Friday, November 18, 2011
Will You Marry Me?!
“The [Israeli] Rabbinate’s marriage-registration procedure has become a major source of tension and anxiety...we can now efficiently administer the entire Jewish marriage process in a warm and welcoming environment”. So says Tzohar, an Israeli organisation that marries an average of 3,000 couples each year. These are mostly non-religious couples who would likely have gone to Cyprus or other venues outside Israel to tie the knot - without a Chuppah. However, The Israeli Chief Rabbinate Council this week said it would investigate the procedures of the organization of Modern Orthodox rabbis that performs alternative religious wedding ceremonies for non-religious couples. The Council added that it could overturn an agreement brokered last week, between Tzohar and the Religious Ministry that allows rabbis from the group to marry people. Should getting married the Jewish way be made easier? In this week’s Torah portion we meet the first ever matchmaker, Eliezer, the trusted servant of Abraham. He [Abraham] said to his senior servant of his household, who was in charge of all that he owned: “Place your hand under my thigh”. I will bind you by an oath to G-d, Lord of heaven and earth, that you will not take a wife for my son from the daughters of Canaan...instead you must go to my native land...and obtain a wife for my son Isaac.” Commentators ask, why the juxtaposition of Eliezer’s position as trustee and executer of Abrahams’ entire household and the oath? Furthermore, if Abraham trusts him with all his portfolios, surely he should have confidence in finding a spouse for Isaac his son, why the need for the oath altogether? One answer given: In buying stocks or managing properties, Eliezer had complete freedom. But when it came to choosing a suitable wife for Isaac, the future of the Jewish people, Abraham made Eliezer swear in the name of G-d. Abraham was setting the standards: Jewish continuity, the sanctity and sacredness of marriage, must be of the highest standards, with G-d’s involvement. Shabbat Shalom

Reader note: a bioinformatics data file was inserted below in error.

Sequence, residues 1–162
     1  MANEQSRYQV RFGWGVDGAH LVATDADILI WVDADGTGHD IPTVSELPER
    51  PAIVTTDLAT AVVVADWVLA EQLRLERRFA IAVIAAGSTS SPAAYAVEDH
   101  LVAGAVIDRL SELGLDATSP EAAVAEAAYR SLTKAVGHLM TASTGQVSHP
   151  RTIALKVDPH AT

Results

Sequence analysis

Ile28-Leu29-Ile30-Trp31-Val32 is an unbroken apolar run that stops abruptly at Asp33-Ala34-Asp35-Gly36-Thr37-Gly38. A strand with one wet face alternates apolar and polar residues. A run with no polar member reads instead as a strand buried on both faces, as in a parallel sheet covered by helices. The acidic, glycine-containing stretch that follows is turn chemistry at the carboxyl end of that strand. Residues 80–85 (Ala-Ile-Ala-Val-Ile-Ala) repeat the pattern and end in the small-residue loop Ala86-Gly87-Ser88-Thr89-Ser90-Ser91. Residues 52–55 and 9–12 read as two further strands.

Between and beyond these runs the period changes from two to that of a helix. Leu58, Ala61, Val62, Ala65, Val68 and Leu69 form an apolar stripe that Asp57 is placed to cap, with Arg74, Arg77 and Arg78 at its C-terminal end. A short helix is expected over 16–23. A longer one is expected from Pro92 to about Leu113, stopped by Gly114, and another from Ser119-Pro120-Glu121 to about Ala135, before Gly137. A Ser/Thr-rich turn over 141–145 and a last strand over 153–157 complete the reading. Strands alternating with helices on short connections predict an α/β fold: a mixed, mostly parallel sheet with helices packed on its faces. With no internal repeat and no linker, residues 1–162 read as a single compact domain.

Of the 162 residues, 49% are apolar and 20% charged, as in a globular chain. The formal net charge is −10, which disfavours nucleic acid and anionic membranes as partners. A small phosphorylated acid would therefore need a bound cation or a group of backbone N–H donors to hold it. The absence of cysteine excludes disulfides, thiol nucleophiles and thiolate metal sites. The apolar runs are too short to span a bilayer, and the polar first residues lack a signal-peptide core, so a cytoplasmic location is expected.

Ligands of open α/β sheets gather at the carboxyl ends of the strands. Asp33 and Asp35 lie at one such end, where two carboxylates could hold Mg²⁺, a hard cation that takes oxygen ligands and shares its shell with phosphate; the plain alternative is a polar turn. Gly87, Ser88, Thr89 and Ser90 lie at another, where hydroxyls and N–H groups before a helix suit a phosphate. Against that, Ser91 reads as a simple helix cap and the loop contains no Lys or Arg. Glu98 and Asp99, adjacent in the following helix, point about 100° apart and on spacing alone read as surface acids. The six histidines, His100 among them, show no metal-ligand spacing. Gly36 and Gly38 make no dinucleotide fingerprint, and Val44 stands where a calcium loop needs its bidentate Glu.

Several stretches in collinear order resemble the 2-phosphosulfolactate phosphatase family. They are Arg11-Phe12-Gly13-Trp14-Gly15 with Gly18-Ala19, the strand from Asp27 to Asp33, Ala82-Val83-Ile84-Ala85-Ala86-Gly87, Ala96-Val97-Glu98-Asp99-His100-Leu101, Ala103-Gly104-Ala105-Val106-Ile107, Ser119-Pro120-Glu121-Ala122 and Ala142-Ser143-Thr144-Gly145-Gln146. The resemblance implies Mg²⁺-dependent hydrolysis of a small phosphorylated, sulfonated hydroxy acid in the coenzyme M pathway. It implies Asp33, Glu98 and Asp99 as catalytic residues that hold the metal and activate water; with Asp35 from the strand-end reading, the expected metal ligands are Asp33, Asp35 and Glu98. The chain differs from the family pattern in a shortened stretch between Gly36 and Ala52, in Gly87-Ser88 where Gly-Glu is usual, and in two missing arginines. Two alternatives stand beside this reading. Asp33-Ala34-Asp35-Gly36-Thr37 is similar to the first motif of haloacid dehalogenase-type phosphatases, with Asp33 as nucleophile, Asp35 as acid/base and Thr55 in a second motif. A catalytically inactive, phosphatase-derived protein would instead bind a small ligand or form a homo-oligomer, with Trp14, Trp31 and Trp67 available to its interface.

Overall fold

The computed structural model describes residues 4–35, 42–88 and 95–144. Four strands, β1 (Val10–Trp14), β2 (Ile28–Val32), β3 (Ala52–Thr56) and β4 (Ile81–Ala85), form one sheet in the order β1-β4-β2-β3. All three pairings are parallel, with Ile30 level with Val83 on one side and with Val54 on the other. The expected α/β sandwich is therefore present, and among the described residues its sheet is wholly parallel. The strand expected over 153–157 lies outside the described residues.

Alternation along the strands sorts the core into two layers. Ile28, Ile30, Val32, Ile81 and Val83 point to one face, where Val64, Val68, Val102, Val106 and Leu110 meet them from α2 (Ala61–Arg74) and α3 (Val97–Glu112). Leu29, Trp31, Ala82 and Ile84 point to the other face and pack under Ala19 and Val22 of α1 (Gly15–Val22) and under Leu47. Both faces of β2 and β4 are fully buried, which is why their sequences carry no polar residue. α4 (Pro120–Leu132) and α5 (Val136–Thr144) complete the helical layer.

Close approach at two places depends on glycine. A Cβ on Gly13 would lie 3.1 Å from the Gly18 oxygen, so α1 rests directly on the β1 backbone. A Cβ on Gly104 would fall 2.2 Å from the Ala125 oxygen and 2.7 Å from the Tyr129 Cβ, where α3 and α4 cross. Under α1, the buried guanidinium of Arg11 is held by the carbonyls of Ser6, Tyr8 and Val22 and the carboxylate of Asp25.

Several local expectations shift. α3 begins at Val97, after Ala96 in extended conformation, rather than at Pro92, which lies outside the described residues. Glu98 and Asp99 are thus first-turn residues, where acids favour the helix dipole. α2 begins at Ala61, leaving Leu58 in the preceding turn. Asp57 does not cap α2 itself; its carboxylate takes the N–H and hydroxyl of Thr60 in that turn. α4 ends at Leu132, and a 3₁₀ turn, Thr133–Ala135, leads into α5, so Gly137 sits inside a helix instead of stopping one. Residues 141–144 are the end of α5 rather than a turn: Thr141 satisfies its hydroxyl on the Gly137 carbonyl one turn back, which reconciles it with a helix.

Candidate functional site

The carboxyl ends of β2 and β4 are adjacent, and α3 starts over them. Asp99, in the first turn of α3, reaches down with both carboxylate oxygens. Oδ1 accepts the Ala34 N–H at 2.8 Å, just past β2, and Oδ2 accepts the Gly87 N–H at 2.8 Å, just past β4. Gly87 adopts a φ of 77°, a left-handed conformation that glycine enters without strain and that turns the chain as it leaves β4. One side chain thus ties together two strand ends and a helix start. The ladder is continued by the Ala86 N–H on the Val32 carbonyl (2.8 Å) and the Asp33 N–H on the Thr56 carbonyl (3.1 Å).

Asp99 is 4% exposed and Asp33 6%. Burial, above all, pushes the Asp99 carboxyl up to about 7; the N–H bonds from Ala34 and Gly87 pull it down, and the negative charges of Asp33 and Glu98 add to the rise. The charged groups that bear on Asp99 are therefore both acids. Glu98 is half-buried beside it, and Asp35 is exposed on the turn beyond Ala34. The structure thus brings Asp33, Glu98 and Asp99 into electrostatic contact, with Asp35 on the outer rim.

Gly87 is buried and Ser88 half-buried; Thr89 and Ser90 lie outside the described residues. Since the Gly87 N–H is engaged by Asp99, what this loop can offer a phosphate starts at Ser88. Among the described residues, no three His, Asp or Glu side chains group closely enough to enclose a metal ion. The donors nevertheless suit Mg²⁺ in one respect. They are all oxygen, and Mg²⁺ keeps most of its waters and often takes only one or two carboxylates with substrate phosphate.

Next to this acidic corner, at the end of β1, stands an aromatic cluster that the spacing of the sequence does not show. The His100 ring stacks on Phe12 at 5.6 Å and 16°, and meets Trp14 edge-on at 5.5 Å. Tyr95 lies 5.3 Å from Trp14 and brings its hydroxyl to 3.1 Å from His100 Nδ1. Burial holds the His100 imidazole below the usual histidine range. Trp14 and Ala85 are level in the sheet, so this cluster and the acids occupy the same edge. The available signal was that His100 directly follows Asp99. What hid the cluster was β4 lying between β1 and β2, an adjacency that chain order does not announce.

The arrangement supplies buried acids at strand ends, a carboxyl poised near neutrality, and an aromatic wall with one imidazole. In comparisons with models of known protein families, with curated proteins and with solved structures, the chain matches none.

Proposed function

Posted by Mendel Cohen at 5:17 AM